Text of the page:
|Confederate Defenses, Craney Island, Norfolk, 1861|
During the Civil War, both the U.S. Navy and Army benefited greatly from topographical engineers of the United States Coast Survey. In a time where everything was hand drawn, these engineers were among the finest mapmakers in the world. The maps themselves are not only to be greatly admired for their accuracy, but also as stand alone art. The modern day Coast Survey (now under the National Oceanographic and Atmospheric Administration) has placed all of their office's Civil War maps online in a searchable database. The maps are ready to be inspected and downloaded. Be prepared to spend several hours admiring the engineers' work.
Founded in 1807, the Coast Survey is one of the Federal government's oldest scientific organizations. Their main responsibility was the tedious task of proving accurate charts of American harbors, rivers, and coastline for both civilian and military ships. Other parts of the Government called upon the office to work other projects such as slave population density and defining national borders. Despite its name, several Coast Survey engineers accompanied U.S. Army ground forces during major campaigns such as Sherman's march on Atlanta.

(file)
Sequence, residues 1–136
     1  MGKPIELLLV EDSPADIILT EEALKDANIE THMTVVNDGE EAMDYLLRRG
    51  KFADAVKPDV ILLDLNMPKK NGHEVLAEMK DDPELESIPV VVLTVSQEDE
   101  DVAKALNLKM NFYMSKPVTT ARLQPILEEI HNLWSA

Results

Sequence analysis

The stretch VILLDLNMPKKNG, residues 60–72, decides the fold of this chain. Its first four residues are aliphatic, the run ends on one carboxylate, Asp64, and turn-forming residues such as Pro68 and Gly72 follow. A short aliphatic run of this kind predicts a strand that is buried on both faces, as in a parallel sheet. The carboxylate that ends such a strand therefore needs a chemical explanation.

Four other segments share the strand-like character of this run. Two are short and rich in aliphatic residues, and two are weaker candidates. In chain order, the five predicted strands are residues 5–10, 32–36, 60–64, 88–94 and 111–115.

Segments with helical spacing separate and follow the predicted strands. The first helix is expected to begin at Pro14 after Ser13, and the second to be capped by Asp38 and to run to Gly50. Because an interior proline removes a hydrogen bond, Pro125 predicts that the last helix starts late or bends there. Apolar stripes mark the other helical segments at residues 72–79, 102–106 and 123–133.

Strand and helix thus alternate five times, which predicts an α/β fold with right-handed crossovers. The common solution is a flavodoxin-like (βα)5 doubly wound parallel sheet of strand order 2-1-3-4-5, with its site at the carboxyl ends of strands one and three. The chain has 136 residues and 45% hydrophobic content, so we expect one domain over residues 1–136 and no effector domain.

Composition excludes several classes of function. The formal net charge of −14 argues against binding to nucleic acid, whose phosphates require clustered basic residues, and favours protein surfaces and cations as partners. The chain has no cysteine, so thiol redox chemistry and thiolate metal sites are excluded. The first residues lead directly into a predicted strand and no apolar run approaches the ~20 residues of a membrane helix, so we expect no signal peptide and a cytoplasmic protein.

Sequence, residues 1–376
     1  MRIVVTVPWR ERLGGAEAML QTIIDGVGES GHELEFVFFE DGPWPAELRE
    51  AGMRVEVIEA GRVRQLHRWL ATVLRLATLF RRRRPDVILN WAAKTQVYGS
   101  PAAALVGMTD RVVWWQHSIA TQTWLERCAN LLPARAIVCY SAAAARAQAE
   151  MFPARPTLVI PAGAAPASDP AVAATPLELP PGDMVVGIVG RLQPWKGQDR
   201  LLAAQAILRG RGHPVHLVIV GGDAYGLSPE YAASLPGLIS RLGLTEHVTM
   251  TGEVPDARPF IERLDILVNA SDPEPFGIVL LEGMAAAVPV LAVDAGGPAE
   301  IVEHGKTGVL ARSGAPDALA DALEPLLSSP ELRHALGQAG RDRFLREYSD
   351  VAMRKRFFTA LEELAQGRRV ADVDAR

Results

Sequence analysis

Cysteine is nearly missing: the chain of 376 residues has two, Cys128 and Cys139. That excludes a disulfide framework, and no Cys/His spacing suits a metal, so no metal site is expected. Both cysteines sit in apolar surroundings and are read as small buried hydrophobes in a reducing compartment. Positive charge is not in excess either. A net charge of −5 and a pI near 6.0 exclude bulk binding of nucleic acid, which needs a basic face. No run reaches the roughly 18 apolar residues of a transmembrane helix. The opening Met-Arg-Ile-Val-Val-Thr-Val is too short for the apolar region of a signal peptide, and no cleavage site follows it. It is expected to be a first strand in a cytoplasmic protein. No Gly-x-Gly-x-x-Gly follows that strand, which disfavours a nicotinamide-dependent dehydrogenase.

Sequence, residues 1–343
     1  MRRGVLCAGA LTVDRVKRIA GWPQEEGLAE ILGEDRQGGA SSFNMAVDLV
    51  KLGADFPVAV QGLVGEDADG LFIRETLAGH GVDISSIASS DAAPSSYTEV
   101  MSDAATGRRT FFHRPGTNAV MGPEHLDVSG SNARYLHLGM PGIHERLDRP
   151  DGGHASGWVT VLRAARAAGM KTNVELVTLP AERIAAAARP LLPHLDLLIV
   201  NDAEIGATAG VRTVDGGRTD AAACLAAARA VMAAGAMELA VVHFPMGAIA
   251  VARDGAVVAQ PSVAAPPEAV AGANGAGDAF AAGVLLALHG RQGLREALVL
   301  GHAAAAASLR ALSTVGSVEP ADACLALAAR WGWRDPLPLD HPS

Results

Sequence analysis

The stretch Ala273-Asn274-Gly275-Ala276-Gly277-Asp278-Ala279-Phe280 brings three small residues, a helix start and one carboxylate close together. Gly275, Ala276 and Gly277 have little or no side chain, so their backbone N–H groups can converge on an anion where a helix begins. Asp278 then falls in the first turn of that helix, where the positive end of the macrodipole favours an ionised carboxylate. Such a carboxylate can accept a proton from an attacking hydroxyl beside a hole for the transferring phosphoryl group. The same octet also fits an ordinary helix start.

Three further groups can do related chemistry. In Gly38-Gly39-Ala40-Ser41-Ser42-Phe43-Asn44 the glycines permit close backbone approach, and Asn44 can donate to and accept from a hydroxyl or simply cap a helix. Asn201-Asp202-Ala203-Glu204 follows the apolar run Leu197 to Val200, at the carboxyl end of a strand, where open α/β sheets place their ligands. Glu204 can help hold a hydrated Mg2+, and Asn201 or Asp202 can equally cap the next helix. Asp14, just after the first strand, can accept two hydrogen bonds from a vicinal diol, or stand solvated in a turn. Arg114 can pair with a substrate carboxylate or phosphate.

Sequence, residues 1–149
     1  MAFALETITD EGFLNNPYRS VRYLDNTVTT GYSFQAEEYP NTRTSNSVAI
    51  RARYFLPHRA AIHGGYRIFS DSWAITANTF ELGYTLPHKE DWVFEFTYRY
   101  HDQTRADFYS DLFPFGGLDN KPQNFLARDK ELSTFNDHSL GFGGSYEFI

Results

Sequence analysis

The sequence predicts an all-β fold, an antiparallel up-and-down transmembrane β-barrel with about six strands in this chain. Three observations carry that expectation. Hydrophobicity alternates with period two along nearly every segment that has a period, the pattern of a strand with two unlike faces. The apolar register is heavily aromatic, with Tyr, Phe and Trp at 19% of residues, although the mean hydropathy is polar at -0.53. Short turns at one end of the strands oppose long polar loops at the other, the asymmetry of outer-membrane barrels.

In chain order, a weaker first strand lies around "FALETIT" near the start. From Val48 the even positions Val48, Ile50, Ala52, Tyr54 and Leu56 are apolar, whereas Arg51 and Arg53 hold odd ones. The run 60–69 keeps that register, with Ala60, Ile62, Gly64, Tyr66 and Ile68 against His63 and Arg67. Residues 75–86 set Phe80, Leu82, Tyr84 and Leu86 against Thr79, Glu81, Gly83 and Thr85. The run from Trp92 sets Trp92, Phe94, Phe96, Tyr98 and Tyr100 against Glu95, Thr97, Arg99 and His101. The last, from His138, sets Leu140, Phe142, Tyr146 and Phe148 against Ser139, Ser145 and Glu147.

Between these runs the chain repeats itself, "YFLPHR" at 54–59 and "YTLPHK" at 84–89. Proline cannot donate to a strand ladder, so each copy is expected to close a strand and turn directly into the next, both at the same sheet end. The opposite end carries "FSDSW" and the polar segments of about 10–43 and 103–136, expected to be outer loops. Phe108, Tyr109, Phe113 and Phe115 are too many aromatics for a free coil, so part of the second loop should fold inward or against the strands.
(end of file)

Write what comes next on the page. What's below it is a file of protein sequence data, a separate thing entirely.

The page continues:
|Approaches to Charleston Harbor, 1863|